Is e-filing a much better way to record your taxes?
Americans and the IRS may not agree on everything, but they’re mostly on the exact same page when it comes to e-filing individual income tax returns.
The majority of individual income tax returns submitted to the IRS are e-filed.
If you e-file your federal income tax return, you save the IRS money because its employees don’t need to spend time manually processing your return. In return, you could find any refund you are owed quicker, particularly in the event that you have it directly deposited to your bank account.
However, what about security? And can electronic filing really give you access to all of the forms you might need in case you have a complex tax situation? Are there situations when you can’t e-file? Let’s look at the advantages of e-filing, and if it may be the best filing option for your requirements.
If you are Considering e-filing, a Few of the advantages include:
- Quick affirmation your forms have been received: The IRS will confirm a tax filing has been received within 24 hours of electronic submission. For paper filers, the IRS does not send any acknowledgment your forms have arrived safely.
Timely refunds: When you publish a paper filing, it can take six to eight weeks to be given a tax refund. With e-filing, you’ll get your money in 3 weeks or not. Choosing direct deposit may also speed up the refund process.
Reduced chance of errors: According to the IRS, there is approximately a 1% error rate on e-filed yields, compared with a 20% rate of errors on paper filings. The IRS also provides more information on issues discovered on e-filed returns compared with paper yields.
Easy payment procedure: If you owe the IRS money, it is easier to cover at your convenience if you e-file. You can submit returns early and pay later if needed, provided that you pay by the April 15 filing deadline. You also have the option to pay your balance by using the IRS Immediate pay service from your checking account or savings accounts, submitting a credit card through a payment processor for a commission, or paying by check or money order. Just be aware delaying payment after the filing due date (typically April 15) can result in penalties and interest.
Digital storage of taxation information: Submitting returns electronically means there’s an electronic backup of your tax documents. So if something happens to your paperwork, you will have an electronic backup.
The fantastic news: Most taxpayers do decide to e-file and get those advantages — and the practice of doing this is simple.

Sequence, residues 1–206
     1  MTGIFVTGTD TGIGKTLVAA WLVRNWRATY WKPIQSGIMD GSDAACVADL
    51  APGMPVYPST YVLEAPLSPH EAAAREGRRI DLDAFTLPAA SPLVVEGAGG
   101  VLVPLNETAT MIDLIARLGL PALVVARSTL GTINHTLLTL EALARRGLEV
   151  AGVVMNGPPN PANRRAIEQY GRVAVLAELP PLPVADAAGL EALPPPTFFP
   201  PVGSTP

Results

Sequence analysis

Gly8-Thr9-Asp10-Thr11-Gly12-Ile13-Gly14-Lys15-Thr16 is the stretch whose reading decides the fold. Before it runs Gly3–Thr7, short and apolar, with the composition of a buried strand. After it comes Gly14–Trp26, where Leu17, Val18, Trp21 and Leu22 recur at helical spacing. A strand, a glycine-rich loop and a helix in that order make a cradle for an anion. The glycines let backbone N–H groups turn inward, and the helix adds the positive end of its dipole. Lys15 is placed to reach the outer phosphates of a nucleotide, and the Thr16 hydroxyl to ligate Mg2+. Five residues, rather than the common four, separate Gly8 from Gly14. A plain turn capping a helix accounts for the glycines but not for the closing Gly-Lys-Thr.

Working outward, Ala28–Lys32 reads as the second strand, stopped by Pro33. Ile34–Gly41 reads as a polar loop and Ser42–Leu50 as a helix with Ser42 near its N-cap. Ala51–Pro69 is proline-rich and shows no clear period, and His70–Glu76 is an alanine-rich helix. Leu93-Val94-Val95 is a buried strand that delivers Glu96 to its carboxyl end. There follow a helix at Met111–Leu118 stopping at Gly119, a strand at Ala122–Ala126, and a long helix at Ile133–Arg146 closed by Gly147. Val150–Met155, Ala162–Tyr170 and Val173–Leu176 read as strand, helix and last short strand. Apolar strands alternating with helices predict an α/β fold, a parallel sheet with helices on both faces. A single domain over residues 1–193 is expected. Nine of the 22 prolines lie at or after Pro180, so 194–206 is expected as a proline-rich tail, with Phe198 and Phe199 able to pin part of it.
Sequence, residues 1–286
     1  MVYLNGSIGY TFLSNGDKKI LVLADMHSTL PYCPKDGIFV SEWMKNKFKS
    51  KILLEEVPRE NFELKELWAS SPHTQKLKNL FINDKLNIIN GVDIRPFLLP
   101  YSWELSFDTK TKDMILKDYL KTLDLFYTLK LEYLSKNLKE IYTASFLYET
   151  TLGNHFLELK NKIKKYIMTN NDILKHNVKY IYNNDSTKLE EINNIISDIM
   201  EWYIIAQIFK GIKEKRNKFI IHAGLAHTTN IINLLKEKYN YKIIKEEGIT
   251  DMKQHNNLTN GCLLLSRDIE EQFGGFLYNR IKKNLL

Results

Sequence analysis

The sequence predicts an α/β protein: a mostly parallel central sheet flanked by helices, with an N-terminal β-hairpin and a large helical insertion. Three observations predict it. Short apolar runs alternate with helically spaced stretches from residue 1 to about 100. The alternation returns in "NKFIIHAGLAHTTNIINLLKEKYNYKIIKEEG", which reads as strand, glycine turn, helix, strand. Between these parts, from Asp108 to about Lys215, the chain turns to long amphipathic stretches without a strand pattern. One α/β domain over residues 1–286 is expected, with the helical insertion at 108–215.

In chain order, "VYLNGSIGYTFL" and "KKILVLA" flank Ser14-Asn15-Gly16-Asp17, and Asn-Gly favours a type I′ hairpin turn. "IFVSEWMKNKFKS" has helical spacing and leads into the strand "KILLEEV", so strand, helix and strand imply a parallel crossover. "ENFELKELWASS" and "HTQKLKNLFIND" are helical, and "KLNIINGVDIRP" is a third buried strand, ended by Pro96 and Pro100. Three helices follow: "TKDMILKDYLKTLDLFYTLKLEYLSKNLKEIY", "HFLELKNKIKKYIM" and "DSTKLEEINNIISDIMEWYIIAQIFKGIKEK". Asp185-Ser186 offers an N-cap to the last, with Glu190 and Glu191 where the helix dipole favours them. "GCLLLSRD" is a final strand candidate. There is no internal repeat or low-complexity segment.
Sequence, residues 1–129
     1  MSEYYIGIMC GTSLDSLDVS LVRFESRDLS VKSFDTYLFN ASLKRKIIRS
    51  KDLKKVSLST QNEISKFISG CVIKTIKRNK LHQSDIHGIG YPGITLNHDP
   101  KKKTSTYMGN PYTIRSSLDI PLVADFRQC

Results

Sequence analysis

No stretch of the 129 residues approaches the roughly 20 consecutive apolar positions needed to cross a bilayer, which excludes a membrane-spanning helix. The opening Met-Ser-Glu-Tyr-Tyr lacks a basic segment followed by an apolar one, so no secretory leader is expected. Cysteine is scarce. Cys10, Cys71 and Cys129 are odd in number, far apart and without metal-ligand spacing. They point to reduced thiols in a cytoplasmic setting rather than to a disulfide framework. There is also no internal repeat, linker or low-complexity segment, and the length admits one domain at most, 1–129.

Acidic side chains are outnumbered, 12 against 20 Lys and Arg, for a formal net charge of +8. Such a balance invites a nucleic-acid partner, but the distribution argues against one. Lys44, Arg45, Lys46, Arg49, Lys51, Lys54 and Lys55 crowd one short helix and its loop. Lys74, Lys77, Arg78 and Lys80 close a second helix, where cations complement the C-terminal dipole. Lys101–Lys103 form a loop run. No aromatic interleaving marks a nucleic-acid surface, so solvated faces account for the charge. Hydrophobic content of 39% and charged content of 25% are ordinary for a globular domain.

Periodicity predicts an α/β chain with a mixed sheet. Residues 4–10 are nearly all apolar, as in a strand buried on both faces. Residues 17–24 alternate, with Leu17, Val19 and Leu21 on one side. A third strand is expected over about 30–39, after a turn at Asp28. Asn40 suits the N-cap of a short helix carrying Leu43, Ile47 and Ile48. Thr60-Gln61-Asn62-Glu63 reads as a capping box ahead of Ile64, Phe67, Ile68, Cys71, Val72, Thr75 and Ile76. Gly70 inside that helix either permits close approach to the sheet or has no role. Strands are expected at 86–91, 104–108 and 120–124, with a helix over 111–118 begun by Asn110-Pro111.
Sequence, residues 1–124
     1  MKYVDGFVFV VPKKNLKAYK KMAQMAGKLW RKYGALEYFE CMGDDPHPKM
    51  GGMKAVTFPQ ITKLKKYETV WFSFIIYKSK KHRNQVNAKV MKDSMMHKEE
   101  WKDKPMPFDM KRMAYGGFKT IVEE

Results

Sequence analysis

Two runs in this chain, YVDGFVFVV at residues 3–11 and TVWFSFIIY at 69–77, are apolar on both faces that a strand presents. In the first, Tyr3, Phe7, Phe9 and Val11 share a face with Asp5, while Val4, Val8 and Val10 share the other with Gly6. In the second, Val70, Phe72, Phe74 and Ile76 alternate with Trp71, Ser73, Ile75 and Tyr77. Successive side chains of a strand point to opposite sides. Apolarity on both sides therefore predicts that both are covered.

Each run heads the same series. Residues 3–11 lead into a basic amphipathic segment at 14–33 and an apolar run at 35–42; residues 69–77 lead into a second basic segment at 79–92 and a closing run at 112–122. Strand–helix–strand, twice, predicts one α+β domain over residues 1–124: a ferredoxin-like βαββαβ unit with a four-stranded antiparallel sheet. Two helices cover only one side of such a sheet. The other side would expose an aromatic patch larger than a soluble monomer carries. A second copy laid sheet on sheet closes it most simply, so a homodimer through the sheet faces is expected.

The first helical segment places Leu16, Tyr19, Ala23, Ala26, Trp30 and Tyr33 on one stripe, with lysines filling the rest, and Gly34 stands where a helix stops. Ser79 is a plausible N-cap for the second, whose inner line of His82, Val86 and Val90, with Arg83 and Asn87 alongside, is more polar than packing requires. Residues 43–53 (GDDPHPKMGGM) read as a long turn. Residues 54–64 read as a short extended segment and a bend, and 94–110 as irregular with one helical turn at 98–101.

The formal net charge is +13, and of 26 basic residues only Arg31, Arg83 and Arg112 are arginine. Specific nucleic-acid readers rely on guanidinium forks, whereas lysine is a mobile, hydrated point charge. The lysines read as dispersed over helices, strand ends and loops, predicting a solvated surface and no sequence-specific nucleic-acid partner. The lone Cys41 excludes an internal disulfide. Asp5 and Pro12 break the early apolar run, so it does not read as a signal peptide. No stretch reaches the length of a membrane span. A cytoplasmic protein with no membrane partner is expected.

How to e-file a tax return?
- Use IRS Free File: If your adjusted gross income is $72,000 or less you could have the ability to use the IRS Free File program. The forms do the math for you and offer basic guidance. You can simply do your federal return with these kinds.
- Use an internet tax preparation service or tax software: Tax prep software and online filing services are alternatives. These choices are an easy way to complete and e-file your own forms. Some applications providers charge for their apps, Some are liberated. The software asks you simple questions about your own life and finances to guide you through the completion of your types.
- Get free, in-person tax aid: In most states, you can find volunteers to help prepare and e-file returns. But eligibility for free help is typically limited based on earnings, and a few providers appeal to particular demographic groups. For instance, Tax Counseling for the Elderly programs focus primarily on helping filers that are 60 and older. The IRS maintains a database of licensed providers, but you should be aware this alternative is very likely to be the most costly one.
Using online tax prep software is far and away the preferred approach of most taxpayers. Actually, the IRS says it anticipated more than four tax returns to be filed through tax return prep software.
Is e-filing really secure?
While e-filing is suitable, you could worry about security — particularly with so many data breaches. But experts agree this isn’t an issue which should dissuade you from e-filing.
“In actuality, it can be more secure than paper filing as you’re sending your private information through an encrypted system as opposed to exposing your data in the mail.”
Dennis Chow, vice president of data security at SCIS Security, clarifies that the IRS has set safety measures in place to keep your information safe. “Vendors typically utilize IRS specific APIs that need token sessions,” Chow says. “All of this is routed over TLS encrypted connections.”
It is important to use a trustworthy service that will assist you file your taxes. Chow advises to not e-file on a public computer or use an online connection that isn’t private.
For many taxpayers, it is sensible to e-file a yield since it’s the most convenient way to file your tax information to the IRS and it allows for timely refunds and effortless payment choices. Just make sure that you use tax planning software from a trusted source, so you can make certain the information which you supply to transmit to the IRS will be kept secure.